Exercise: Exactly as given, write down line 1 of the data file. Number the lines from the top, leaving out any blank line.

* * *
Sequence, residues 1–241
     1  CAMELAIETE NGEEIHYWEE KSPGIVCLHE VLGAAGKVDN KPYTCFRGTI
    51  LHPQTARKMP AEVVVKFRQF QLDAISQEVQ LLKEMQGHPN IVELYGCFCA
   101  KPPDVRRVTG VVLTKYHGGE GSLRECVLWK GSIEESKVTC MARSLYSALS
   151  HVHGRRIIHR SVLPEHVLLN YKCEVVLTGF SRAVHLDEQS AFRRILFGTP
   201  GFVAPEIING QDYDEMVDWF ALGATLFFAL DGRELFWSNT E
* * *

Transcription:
Sequence, residues 1–241